blogging by Andrew Wickliffe

Sorum (2001, Yun Jong-chan)

A scene from SORUM, directed by Yun Jong-chan for DreamMax Films.

Sorum’s approach makes the film singular. While the DVD cover certainly suggests a ghost story, the first half of the film does not. Instead, it’s a film about urban apathy, just one with an uncanny style. Director Yun really does know how to make a film–one scene in the film had me ready to proclaim it the greatest journal of self-destruction since Leaving Las Vegas (but then the film changed again, so I didn’t get to make the claim). Yun sprinkles Sorum with breather moments–romantic scenes, still highly intense, but at the opposite of the feelings he infused into the majority–and the film’s more an example of his ability than anything else. Sorum is not a good film. While Yun’s writing, on the scene level, appears to be excellent (I’m going off subtitles, so who knows?), and he never really sells the film out, never really exploits it, it just doesn’t turn out to be meaningful. There are spikes of content, but it’s about the confirmation of the supernatural in the end.

The ghost stories maneuver these confirmations, keeping them either full in the viewer’s mind or full out–though I can’t think of a ghost story where there isn’t really a ghost in the end, just because of the audience’s expectations–and Sorum’s maneuvering is fine. But the maneuvering inherently sells out the work of the actors and the work of the good writing. It’s cryogenics. It can go tabula rosa. It has to take no responsibility for itself. Sorum manages to delay this cop-out–even the expectation of a cop-out, because the first hour is such a weird film, I thought it was possible–until the last fifteen or twenty minutes. Then it goes. It has a beautiful few scenes of people in terrible situations, just awful situations, then it cops out. Ghost stories have no responsibility. People stories have tons. Responsibility is rarely what an audience wants to address.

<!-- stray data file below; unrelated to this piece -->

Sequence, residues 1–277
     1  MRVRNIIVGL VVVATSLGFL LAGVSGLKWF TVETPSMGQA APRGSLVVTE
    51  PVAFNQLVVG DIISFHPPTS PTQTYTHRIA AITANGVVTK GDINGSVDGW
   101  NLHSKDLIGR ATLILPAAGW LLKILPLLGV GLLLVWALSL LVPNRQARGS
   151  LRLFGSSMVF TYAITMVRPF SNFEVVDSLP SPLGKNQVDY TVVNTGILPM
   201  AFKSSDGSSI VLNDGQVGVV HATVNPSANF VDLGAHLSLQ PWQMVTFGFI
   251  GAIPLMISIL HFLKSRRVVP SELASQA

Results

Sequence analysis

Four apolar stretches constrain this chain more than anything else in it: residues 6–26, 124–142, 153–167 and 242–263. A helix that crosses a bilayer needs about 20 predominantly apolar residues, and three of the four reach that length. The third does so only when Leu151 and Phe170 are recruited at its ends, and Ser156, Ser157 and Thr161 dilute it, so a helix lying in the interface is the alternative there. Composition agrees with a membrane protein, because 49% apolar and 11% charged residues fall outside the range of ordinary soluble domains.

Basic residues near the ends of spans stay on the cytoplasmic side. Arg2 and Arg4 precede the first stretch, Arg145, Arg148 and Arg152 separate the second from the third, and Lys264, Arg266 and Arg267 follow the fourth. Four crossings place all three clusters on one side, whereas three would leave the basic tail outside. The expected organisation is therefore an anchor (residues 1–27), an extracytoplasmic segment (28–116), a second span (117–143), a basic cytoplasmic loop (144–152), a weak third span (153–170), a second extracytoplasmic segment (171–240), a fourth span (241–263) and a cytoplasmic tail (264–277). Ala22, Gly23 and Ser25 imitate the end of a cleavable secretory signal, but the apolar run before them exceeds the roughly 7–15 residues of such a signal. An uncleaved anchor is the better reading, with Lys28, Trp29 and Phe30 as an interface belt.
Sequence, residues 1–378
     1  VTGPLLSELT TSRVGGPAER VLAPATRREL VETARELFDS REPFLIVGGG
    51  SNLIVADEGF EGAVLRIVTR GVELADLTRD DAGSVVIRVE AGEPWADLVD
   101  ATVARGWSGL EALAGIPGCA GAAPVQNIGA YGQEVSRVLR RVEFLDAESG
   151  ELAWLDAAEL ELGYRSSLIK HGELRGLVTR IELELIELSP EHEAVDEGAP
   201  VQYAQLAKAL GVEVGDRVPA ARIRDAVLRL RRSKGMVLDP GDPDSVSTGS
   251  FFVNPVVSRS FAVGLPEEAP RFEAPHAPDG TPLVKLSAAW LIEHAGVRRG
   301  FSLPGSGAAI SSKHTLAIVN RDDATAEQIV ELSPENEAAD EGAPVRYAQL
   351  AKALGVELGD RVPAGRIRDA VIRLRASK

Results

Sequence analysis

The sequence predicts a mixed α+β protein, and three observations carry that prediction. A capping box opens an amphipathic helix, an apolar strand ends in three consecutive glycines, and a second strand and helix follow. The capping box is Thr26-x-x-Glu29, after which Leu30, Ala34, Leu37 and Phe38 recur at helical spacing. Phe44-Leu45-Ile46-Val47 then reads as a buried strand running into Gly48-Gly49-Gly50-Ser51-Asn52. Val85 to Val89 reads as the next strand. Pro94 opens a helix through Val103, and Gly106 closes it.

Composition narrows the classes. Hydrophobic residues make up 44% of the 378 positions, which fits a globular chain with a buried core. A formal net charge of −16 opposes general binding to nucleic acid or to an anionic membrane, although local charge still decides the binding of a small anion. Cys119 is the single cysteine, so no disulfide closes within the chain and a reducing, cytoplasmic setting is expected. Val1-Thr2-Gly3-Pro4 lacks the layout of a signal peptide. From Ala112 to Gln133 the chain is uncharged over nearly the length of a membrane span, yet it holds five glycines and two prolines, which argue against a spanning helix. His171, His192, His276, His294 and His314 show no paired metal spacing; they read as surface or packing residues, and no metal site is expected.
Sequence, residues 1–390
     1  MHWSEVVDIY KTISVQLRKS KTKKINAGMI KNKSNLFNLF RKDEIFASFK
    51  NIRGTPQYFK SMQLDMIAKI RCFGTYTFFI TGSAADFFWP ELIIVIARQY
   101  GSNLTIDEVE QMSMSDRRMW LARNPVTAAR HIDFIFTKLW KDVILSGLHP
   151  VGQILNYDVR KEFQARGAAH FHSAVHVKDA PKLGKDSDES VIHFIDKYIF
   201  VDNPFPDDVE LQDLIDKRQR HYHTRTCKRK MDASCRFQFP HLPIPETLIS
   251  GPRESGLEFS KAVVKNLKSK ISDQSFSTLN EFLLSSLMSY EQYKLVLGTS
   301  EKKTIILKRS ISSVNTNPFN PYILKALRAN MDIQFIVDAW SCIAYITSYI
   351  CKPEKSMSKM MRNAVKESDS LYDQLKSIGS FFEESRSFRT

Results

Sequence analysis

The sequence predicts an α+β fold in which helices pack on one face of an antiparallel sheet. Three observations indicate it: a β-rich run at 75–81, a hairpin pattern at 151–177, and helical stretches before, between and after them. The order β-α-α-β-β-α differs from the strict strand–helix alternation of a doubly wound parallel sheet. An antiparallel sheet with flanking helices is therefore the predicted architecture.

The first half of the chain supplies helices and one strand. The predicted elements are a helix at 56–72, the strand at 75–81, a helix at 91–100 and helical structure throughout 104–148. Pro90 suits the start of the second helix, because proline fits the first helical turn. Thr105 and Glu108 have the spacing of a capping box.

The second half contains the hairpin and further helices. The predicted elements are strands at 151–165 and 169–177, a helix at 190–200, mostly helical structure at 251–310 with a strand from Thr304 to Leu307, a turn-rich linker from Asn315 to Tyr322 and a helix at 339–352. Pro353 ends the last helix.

The acting in Sorum is good, though the male lead, Kim Myeong-min, can’t hold on to the character throughout. The female lead, Jang Jin-Young, does such excellent work, the cop-out does her the most disrespect. I know when Kubrick made The Shining, he didn’t tell the little kid it was a horror movie and shot it so he’d never know… I never got the feeling from Jang she was just starring in a genre picture (similar, for example, to Toni Collette in The Sixth Sense), while it was obvious Kim knew what was going on.

I tend not to see American horror movies because of who’s directing and writing them–and the exploitative sense the genre has come to embrace–but, again, Korea knows how to make fluff better than Americans. Horror films are just as much fluff as romantic comedies and I suppose if Sorum’s possible quality was so apparent throughout, I wouldn’t be so upset. Maybe I’m not upset. What’s a good synonym for dejected? After watching Sorum, I am dispirited. Not incredibly dispirited (it’s not like Vanilla Sky or something), but dispirited nonetheless.



Written and directed by Yun Jong-chan; director of photography, Hwang Seo-shik; edited by Kyeong Min-ho; music by Park Jung-ho and Yun Mi-na; produced by Baek Jong-hak; released by DreamMax Films.

Starring Kim Myeong-min (Yong-hyun), Jang Jin-yeong (Sun-yeong), Gi Ju-bong, Ahn Jo and Ki-hyeon Kim.


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